There are those who would say that all religion is based on fear, but we would say, along with Saint Maximos the Confessor, that the: “Fear of God is the result of faith in God.” When we have faith in God, we fear to offend him, so we then work to overcome the passions of our heart which separate us from Him. This, in turn, leads us to bear afflictions patiently, which brings hope. “Hope in God separates us from every worldly attachment and when the intellect is detached in this way, it will acquire love for God.”
As a final reflection, I would ask us to hear again the verse with which I began but within the broader context of our Lord’s prayer in the Gospel of John, words which He uttered as a prelude to his oft-quoted verses about unity:
These things I have spoken to you, while I am still with you. But the Comforter, the Holy Spirit, whom the Father will send in my name, he will teach you all things, and bring to your remembrance all that I have said to you. Peace I leave with you; my peace I give to you; not as the world gives do I give to you. Let not your hearts be troubled, neither let them be afraid. You heard me say to you, ‘I go away, and I will come to you.’ If you loved me, you would have rejoiced, because I go to the Father; for the Father is greater than I. And now I have told you before it takes place, so that when it does take place, you may believe. I will no longer talk much with you, for the ruler of this world is coming. He has no power over me; but I do as the Father has commanded me, so that the world may know that I love the Father. Rise, let us go hence.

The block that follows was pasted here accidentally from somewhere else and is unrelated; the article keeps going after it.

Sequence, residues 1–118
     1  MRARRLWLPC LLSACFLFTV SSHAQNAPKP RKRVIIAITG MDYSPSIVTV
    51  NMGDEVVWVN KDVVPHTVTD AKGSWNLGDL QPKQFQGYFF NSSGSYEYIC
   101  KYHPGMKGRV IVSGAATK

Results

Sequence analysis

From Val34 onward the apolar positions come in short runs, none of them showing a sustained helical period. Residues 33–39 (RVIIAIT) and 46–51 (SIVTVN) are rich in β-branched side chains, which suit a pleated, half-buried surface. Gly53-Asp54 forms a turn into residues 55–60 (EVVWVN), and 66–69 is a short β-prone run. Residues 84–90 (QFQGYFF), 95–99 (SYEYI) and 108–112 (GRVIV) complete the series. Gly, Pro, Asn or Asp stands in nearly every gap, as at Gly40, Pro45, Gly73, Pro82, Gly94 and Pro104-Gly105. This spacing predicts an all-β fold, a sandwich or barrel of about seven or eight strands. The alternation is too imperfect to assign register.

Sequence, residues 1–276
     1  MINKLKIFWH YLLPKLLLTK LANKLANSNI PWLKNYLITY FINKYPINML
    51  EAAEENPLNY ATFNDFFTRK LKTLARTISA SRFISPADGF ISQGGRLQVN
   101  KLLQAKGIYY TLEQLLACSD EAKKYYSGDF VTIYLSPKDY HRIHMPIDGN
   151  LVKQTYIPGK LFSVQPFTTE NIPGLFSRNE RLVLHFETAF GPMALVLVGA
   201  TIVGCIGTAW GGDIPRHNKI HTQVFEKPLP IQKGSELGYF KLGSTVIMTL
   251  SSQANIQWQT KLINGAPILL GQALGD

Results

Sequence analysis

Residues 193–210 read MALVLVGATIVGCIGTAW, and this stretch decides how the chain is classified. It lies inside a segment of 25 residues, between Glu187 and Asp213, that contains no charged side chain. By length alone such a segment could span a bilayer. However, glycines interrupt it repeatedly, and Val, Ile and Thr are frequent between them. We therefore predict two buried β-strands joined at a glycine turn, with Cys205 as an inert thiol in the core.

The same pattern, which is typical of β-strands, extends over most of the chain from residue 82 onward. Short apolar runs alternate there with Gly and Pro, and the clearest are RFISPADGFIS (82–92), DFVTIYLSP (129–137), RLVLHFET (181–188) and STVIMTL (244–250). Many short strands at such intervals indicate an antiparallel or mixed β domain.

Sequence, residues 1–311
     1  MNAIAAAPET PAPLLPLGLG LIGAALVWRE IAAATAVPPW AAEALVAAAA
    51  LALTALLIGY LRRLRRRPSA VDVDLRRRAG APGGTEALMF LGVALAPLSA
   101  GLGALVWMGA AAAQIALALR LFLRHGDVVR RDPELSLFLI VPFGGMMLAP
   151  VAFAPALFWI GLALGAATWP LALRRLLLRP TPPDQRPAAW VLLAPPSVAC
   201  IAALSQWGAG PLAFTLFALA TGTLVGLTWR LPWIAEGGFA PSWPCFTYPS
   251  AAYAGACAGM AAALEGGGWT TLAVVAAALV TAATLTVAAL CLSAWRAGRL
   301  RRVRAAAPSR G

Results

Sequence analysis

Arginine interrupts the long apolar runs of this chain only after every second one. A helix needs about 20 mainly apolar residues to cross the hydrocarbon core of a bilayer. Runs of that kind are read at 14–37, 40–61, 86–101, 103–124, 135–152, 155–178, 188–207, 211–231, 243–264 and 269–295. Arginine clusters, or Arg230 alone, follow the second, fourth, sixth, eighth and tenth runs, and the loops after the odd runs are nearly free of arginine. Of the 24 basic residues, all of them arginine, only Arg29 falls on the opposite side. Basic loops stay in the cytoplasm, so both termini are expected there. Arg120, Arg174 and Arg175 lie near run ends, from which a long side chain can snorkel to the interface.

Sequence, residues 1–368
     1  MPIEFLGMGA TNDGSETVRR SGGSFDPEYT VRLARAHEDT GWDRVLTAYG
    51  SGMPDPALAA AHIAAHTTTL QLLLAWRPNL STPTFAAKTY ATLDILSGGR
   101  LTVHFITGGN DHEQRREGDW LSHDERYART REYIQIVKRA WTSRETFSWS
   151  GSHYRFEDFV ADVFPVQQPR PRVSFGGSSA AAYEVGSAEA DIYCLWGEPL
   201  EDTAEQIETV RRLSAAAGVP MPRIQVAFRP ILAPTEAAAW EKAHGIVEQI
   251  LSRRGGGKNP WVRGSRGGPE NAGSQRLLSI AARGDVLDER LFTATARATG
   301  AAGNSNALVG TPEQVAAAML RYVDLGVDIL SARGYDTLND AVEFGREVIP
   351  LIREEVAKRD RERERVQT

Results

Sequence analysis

With these words, the Lord made his way to the Cross, in which He endured the actions of those whose hearts had been overgrown with fear, hatred and anxiety. But through that ordeal, He Himself came, and brought us with Him, to the light of the resurrection.
Let me conclude with verses that the Orthodox sing throughout the Paschal season:
This is the day of resurrection.
Let us be illumined by the feast.
Let us embrace each other.
Let us call “Brothers” even those that hate us,
And forgive all by the resurrection,
And so let us cry:
Christ is risen from the dead,
Trampling down death by death,
And upon those in the tombs bestowing life.